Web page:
Fertility is precious. I know what it is like to really want a child but be unable to have one. Just taking the cats on Thursday to the vets made my heart bleed a little for the kittens that could have been.

On the other level, I think about my boys and the likelihood that they will never have children of their own.  I don’t mind at all about not being a Grandma. My youngest son was born to me miraculously at an age when many women are becoming Grandmothers, not mothers. My nest is full.

Do my boys mind though? Do they think about having children of their own? Benjamin has always wanted to get married and have children. Currently, he has yet to even find his first girlfriend.  Does he still want children? And if he does, how hard would that be? For him? For those children?

Thomas would be a fantastic father. He loves children and is so good with them but he cannot yet look after himself independently. I think he knows that having children of his own would be too difficult for him to cope with.

For my boys, perhaps choosing not to have children will be a hard decision. One that we will be there to support them through hopefully.

Another loss for them that they are aware of.

I think that is what I find so hard for my boys. Their awareness of life around them means they know that people have relationships, have children. There are some things we as parents cannot make happen for them and have to accept as part of their lives with severe autism.

I feel their potential loss though.

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‘I want to break free…’

An earworm to accompany you as you do your daily tasks!
 
I have been ‘at home’ for 20 years. I don’t want to say I gave up work 20 years ago or I haven’t worked for 20 years because I have worked so hard.  I haven’t earned any money though or barely any.
I am a housewife, a carer, a mother.  What does that mean? That I spend my days dusting? That I spend my days watching daytime TV? Meeting friends for coffee? 
None of those and certainly not the dusting. Life is too short to dust but I do have a lot of tidying up after four large boys. So many enormous pairs of trainers in the hall, not helped by the fact that Thomas, 20 is a runner and requires a different pair of trainers for each type of race or training session.  But now, I am wavering off topic which is how I seem to spend my days.
I start with good intentions. Six months of direct returns paperwork took me nearly as long to finally complete as I managed to find so many other things more needy of my attention.
I am bored. I am bored of endless forms. Endless benefit interviews for the boys. Having been deemed eligible for ESA last year, I then had repeat forms to fill in a few weeks ago and now more interviews next week. Why can’t they read the EHCPs? or the PIP assesments?  Now I sound like an episode of Line of Duty, how many acronyms can I fit into one paragraph?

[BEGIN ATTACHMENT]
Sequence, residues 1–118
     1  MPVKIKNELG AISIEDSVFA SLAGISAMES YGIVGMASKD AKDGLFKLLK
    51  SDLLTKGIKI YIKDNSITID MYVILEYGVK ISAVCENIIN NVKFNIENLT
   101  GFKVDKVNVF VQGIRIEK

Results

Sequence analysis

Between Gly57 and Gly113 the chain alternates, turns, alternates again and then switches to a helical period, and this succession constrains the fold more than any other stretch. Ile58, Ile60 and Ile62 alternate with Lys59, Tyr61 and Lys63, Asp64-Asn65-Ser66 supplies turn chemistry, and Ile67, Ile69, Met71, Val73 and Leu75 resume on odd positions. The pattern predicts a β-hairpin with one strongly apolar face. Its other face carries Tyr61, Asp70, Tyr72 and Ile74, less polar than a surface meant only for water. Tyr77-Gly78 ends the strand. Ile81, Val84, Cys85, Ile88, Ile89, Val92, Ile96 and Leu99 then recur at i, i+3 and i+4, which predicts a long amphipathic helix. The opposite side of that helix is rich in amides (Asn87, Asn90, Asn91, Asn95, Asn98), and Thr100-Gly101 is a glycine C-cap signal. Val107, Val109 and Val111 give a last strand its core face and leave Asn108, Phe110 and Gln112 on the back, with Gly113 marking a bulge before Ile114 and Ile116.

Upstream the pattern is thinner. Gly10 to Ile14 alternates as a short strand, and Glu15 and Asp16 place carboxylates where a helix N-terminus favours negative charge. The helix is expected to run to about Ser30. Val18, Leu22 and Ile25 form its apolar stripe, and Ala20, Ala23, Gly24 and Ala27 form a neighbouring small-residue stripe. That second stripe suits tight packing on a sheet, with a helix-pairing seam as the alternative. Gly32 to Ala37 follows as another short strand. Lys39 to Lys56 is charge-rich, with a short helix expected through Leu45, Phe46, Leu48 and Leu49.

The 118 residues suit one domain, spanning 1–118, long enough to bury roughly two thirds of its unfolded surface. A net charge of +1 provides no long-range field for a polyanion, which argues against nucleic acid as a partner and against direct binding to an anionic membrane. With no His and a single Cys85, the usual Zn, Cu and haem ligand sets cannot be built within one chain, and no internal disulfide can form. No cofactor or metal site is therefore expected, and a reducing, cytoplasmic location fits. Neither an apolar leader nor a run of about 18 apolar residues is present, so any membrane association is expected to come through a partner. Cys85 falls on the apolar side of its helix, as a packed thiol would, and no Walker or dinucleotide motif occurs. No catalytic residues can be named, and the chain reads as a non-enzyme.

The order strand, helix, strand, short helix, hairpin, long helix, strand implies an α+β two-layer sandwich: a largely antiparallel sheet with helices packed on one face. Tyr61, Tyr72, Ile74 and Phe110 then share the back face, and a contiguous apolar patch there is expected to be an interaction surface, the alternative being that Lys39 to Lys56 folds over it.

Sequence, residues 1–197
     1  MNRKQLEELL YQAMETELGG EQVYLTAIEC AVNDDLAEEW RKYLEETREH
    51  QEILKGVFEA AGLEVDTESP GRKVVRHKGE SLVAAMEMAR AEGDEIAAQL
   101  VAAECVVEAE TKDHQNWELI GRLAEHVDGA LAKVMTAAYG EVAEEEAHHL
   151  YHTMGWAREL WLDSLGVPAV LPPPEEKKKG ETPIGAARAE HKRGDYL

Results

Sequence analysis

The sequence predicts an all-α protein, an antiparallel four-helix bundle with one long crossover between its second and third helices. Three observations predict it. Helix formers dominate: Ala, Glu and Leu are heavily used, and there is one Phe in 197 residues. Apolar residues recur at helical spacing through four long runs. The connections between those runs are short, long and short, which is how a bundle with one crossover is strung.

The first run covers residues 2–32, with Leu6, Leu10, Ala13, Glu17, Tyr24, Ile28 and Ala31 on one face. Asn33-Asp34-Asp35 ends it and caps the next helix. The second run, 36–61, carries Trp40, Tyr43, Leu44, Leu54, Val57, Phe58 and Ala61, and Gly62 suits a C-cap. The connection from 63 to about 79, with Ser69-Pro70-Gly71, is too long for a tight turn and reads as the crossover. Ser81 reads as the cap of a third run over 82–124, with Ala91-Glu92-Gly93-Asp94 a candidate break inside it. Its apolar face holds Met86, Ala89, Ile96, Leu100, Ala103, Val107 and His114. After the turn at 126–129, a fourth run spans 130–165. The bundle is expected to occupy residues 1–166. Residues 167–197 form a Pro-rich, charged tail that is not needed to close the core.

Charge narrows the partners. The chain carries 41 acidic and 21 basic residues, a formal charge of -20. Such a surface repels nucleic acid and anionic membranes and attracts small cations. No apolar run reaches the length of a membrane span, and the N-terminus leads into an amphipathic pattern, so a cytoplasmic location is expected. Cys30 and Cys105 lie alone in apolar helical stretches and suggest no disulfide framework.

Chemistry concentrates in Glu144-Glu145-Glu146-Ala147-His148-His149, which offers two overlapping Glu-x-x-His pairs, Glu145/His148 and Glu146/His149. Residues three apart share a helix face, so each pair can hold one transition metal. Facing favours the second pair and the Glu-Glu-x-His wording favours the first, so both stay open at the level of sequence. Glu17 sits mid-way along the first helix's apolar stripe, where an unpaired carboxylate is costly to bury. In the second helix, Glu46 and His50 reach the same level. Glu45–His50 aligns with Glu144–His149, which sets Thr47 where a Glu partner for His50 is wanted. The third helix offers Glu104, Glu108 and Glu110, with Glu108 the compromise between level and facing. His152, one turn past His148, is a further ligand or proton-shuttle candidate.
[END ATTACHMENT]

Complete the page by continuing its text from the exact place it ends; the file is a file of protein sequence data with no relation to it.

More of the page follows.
I am bored of finding carers for my boys. I spent 16 years trying to recruit, train and retain ABA tutors.  It was one of the positives of no longer running ABA programmes that I didn’t have to continually search for tutors. Now, it’s carers I need. Not so desperate. If we don’t have any, it means we can’t go out or the boys can’t do so many activities but it’s not like when they needed tutors or they couldn’t go to school.
A recent advert produced some not very excellent applications. One from a 16 year old. Points for trying but how can I employ a 16 yr old to talk about dating girls and take my 20 yr old boys to the gym?
The boys are all in great educational placements. I am very relieved and very grateful that they all have an excellent school (the two youngest boys) and a great college placement (the two older boys) so I should be sitting back and patting myself on the back and reading a book in the garden.
After 20 years, I can’t do that. I can’t stop and smell the flowers. I am driven to keep busy.
I want to break free.
I don’t want to be just a mother, a carer. I want to be Sarah. The author. The champion of ABA. Someone who has an opinion.
Currently, I am thwarted. My new book has been with an agent for 18 months. The feedback from editors every time is that ‘it is well written’, ‘they can’t put it down’, ‘it’s a good book’. They want to publish it but the sales departments are wary of another memoir, another autism book and will it sell enough copies?

I will break free. I will be the author of that new book. Somehow. I owe it to my boys. I owe it to ABA. I owe it to myself for the past 20 years of fighting for my boys, of transforming their lives and I want to tell everyone about it.